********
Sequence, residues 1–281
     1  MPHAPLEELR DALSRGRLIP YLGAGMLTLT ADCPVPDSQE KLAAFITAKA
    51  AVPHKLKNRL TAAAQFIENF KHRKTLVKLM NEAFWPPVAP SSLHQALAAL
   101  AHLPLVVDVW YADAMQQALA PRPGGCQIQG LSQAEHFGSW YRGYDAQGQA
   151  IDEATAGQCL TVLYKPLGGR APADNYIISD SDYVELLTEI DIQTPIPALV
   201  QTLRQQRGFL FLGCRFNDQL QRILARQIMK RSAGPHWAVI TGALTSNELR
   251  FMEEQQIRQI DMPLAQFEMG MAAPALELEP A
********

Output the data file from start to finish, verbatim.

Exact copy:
Sequence, residues 1–281
     1  MPHAPLEELR DALSRGRLIP YLGAGMLTLT ADCPVPDSQE KLAAFITAKA
    51  AVPHKLKNRL TAAAQFIENF KHRKTLVKLM NEAFWPPVAP SSLHQALAAL
   101  AHLPLVVDVW YADAMQQALA PRPGGCQIQG LSQAEHFGSW YRGYDAQGQA
   151  IDEATAGQCL TVLYKPLGGR APADNYIISD SDYVELLTEI DIQTPIPALV
   201  QTLRQQRGFL FLGCRFNDQL QRILARQIMK RSAGPHWAVI TGALTSNELR
   251  FMEEQQIRQI DMPLAQFEMG MAAPALELEP A